READY PLAYER ONE- Review

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Level One: Background

BRANDON: I have a serious confession here: you’d think that a self-proclaimed film critic would have seen more Spielberg films in theaters, but the tragic truth is that I haven’t seen a Spielberg movie since 2008, thanks to the infamous Kingdom Of The Crystal Skull. But I decided late was better than never, so I hopped into the theater for Ready Player One, preparing to get my mind blown thanks to the masterful director’s talent, the original world crafted by nerd culture legend Ernest Cline, and the much-awaited return of the Iron Giant. So, how was the film overall? Well…

Level Two: Plot
This film takes place in a world overrun by corporations and overpopulation; the world sucks, so the only way most people can manage their lives is by entering the Oasis. The creator of which has died years ago, leaving behind an Easter Egg. This Easter Egg, when discovered, will grant the finder possession of the Oasis, trillions of dollars, and the world’s favorite hobby. When the youthful Wyatt Watts finds it, he finds himself on a quest for the way his world lives.

Level Three: Positives

This movie looks Incredible. It felt great enough seeing beloved characters introduced into a dystopian classic for this era, but when they look like the entirety of Pixar worked on every single character. And the main characters are likeable too, feeling like they’re ordinary people escaping into this wonderful world. And the action: where else can you watch the Iron Giant fighting a giant Star Wars lookalike mech, while all of the Ninja Turtles aid the Halo crew with taking out a dystopian army, with that not even being the most of the focus?

+10 points

Level Four: Negatives

The film has a problem; for its focus on the importance of reality along with fantasy, the reality part is rather dull. Maybe anything feels dull when it’s being measured against King Kong chasing the DeLorean, but it still felt like an afterthought. And the villains were extremely one dimensional too; we get it! Corporations can be evil; just watch the news. Give them some form of watchability, and we’ll be fine.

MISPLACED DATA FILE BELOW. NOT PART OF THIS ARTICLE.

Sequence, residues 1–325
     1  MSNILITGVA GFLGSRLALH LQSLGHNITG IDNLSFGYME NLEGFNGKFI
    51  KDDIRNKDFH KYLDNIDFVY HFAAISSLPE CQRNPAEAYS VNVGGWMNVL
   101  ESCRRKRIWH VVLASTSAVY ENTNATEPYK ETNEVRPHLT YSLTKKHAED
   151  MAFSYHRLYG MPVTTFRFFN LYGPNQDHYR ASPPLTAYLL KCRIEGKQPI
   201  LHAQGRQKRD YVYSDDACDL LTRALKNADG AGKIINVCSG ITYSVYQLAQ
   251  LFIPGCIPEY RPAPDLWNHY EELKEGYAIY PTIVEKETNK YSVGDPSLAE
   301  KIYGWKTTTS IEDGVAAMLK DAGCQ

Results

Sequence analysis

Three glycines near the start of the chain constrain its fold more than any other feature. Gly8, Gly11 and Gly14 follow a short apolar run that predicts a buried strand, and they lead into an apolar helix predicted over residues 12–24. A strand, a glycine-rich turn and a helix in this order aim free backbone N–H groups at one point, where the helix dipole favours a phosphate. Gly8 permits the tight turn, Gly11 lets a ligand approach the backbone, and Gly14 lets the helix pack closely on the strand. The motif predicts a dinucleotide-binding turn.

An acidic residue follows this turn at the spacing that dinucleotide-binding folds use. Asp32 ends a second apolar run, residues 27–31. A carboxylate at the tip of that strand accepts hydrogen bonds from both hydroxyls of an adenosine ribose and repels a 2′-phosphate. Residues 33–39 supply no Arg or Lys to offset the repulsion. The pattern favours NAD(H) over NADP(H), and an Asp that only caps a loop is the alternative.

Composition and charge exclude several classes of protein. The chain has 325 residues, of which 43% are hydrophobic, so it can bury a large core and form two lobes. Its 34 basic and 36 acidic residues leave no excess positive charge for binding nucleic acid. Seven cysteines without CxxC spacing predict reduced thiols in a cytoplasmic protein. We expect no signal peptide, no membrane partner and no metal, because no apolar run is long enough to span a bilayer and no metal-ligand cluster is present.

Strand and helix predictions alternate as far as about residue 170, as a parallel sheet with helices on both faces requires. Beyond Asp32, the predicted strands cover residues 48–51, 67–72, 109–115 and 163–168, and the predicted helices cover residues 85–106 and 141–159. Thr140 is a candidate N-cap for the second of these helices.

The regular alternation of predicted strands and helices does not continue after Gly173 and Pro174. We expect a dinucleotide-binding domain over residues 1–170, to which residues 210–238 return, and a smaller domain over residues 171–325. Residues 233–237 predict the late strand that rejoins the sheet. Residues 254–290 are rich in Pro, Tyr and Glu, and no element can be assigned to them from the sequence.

-2

Final Boss: OVERALL

Ready Player One may be far from perfect, but it still is a marvel to watch on the big screen. It was a celebration of nerd culture showing the things we love and why we love them perfectly. However, the many breaks from the wonderful world of the Oasis felt rather dull, and the villains were just groan-worthy to sit through.

RATING:

8.9/10 (B+)

King Kong (1933) Anniversary Review

By Brandon Matzke

Usually Nevin is the one who reviews these classic films, but seeing as he has never seen this film, and that it’s the film’s 85th anniversary, I decided to review it for him. Now, I have to get this out of the way, I absolutely adore this film. I consider it to be a classic, and one of the greatest “monster movies” ever, if not, the greatest “monster movie” ever. But what is it about? For you five people who have never heard of this legendary film, I’ll explain the plot.

Plot

The film takes place in the 1930s (obviously, as it was made in ‘33), and follows the fateful crew of one of the biggest risks in Hollywood history; filming an entire movie on an island nobody’s ever stepped foot on, known only as Skull Island. As they soon find out, there was a reason for that. Right when they get the right idea to leave, their leading lady (Ann Darrow, played by Fay Wray) gets kidnapped by the 25-foot hulking beast known as King Kong. Soon, it’s up to the cast and crew of this fated picture to save Ann, fighting monsters of mythical proportions along the way.

Positives

This film captures one thing perfectly; adventure. It feels like this entire film is a journey, and it’s exciting from beginning to end. And the creature effects are great too. Sure, they don’t look realistic (at all), but you can appreciate them in the sort of way you’d appreciate a stop-motion film. And the way they blend with the live-action actors is incredible too; again, not realistic, but still a wonder for the eyes. In fact, this film was the reason we have the best visual effects award at the Oscars, since they were so incredibly blown away by this film’s stop-motion techniques. And the effects aren’t the only crowning jewel; the acting is actually really good, something that isn’t seen much in effects-driven films. And the pacing is downright perfect; the film goes through it’s beginning, middle, and end seamlessly. This is something very few films have replicated, including this film’s eventual remakes and sequels. I could honestly praise this film forever, but I will admit that there is a slight problem I have with it.